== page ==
The Yomiuri Shimbun (Jul. 11, 2010)
Voters cast ballots Sunday in the House of Councillors election.
Most major parties proposed in their campaign platforms that the number of lawmakers be reduced, a proposal that strongly smacks of populism. But the more substantial issue of the role of the upper house was hardly discussed.
Once considered "the chamber of wisdom," the upper house is now dubbed "the chamber of political maneuvers" because it has become a venue for power struggles between parties. Originally, the upper house was expected to have "restraining" and "supplementary" functions in relation to the House of Representatives. But we have witnessed in recent years confusion arising from interparty confrontation in the upper chamber just as is seen in the lower house.
Since the Liberal Democratic Party's major setback in the 1989 upper house election, no single party has secured a majority in the chamber, causing political instability. To control the upper house, it has become a common practice since the late 1990s to form a coalition government.
A divided Diet from 2007 to 2009 resulted in dysfunctional politics as we continually witnessed needless confrontation over such matters as the appointment of the Bank of Japan governor and the extension of the provisionally higher gasoline tax rate.
Reform of the upper house is not a new issue. It has been nearly 40 years since Kenzo Kono, who held the post of upper house president, raised the issue in 1971, saying, "The upper house is now merely a carbon copy of the lower house."
Since then, a variety of reform plans have been floated, such as one that would drop the requirement for party members to vote along party lines and another under which upper house members would be elected through a new regional representation system.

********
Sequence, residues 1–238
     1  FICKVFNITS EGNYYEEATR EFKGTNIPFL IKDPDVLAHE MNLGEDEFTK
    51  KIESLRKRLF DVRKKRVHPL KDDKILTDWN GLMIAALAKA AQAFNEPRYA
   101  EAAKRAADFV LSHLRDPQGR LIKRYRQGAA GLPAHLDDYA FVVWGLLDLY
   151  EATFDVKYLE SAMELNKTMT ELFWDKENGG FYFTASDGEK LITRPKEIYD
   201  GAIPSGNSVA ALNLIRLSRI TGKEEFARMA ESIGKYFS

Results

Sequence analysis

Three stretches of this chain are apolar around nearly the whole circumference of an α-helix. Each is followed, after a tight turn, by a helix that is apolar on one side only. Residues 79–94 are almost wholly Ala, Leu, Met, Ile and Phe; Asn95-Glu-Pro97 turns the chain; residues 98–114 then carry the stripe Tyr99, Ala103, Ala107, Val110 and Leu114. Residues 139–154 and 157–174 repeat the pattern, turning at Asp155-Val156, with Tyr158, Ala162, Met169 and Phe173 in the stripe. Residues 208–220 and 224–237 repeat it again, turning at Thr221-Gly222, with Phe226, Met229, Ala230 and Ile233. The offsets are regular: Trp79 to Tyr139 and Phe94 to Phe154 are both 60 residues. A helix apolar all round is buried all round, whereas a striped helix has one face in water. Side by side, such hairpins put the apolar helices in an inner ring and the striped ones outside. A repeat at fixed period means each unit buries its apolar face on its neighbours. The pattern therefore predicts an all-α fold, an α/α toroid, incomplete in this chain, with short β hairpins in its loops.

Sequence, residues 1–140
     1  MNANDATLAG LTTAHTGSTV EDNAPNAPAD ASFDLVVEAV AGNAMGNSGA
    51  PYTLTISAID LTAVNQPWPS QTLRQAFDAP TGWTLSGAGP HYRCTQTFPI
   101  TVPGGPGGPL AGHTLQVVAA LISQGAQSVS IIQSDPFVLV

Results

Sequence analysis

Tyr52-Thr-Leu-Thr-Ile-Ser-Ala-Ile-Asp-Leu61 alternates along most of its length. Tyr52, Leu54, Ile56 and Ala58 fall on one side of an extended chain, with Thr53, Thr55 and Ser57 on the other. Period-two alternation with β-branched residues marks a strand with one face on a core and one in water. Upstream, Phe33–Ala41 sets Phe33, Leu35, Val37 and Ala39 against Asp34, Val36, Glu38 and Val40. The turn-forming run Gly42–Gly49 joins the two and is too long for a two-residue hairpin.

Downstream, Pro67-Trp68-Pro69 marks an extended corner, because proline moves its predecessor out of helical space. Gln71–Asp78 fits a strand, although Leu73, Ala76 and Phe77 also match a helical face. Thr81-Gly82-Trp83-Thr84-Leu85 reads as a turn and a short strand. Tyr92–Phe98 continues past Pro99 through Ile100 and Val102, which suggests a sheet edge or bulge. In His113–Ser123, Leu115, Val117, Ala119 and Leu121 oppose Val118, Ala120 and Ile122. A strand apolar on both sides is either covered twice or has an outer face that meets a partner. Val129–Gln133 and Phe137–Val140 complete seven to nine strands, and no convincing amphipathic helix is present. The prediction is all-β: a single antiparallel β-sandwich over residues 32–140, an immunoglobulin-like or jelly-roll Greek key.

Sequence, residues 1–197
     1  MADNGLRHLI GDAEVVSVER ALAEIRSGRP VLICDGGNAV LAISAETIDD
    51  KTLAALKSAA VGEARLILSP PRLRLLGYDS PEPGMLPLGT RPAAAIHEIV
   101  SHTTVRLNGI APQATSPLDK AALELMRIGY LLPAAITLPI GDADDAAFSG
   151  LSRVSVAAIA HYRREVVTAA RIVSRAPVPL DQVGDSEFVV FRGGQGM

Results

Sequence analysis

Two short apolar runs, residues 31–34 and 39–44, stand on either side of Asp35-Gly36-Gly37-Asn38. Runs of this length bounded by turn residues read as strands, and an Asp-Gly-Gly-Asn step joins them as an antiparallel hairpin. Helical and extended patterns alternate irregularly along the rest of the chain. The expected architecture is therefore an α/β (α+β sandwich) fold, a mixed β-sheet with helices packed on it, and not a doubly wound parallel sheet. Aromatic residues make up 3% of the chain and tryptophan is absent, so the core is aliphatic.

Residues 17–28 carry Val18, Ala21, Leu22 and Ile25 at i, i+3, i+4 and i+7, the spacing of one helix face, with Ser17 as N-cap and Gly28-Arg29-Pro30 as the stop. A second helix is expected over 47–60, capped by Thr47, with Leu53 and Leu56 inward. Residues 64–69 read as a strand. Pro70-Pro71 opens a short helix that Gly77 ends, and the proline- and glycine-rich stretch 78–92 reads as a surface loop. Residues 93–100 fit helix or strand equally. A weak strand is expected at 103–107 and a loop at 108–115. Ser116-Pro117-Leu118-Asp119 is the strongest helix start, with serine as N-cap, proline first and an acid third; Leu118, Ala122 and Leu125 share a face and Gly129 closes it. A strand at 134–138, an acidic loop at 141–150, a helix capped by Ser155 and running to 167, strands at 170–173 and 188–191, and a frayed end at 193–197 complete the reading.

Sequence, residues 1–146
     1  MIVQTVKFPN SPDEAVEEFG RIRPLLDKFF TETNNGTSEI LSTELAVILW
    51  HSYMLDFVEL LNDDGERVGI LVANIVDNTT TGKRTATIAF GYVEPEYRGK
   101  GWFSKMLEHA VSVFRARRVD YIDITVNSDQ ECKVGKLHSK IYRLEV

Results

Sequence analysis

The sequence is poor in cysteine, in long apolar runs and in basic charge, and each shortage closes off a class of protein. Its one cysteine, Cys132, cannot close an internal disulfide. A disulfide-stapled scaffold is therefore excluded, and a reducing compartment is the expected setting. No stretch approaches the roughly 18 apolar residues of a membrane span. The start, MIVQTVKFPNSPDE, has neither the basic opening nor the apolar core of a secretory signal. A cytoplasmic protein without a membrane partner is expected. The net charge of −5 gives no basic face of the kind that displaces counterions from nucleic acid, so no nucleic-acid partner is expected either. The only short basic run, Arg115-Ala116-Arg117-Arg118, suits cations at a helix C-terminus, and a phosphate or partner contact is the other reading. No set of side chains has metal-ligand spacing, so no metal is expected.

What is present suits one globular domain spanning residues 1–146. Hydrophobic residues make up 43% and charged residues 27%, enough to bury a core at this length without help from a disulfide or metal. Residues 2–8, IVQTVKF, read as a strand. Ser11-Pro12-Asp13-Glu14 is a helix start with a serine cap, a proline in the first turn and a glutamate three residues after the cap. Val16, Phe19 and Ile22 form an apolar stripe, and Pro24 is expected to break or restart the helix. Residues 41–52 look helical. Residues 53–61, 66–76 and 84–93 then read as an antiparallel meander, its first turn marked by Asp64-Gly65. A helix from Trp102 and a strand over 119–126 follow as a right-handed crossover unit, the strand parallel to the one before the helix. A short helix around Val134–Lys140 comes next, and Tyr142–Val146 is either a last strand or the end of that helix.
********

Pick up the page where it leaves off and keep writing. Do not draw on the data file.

In an attempt to make the upper house "the chamber of reconsideration," a panel of experts suggested in a report it compiled in 2000 that the chamber be stripped of the right to vote for the nomination of prime minister and that its functions to monitor administrative affairs be strengthened. But these proposals failed to take form.
Only some changes have been implemented. For example, an electronic push-button voting system was introduced, and budget auditing processes were improved and expedited.
Given that the lower house has final say in budget deliberations, it is not a bad idea to let the upper house focus on budget auditing and ensuring that audit results are reflected in budget compilation.
End duplication of functions
If the upper house continues to claim "distinctive" roles for itself but only repeats deliberations held in the lower house, it will ignite stronger calls to eliminate it because it is unnecessary. The roles of the upper house must be distinguished from those of the lower house.
For example, the upper house could be stripped of its right to vote to appoint prime ministers. Also, legislation from the lower house that is rejected by the upper house currently becomes law only if it receives a two-thirds majority in a revote in the lower house; this requirement could also be eased.
But at the same time, the power of the upper house to audit budgets should be enhanced, and the upper chamber should be given the right to first deliberate legislation in certain areas. Considering which powers should be curtailed or expanded could lead to a new shape of the upper house.
Little progress would be made if the upper house were left to itself to reduce its own powers. To come up with concrete measures to this end, it would be appropriate to appoint a deliberative panel that includes third-party members.
In doing so, it is imperative to separate mid- to long-term issues, which would require constitutional revisions such as easing the requirement for revoting, from others that could be handled only through revisions of laws.
Ruling and opposition parties intend to review proposed changes to the election system to be applied from the next upper house election in 2013 to correct the disparity in the value of votes. How the upper house should function is linked to its election system. Deep and comprehensive discussions are called for in this regard.
(From The Yomiuri Shimbun, July 10, 2010)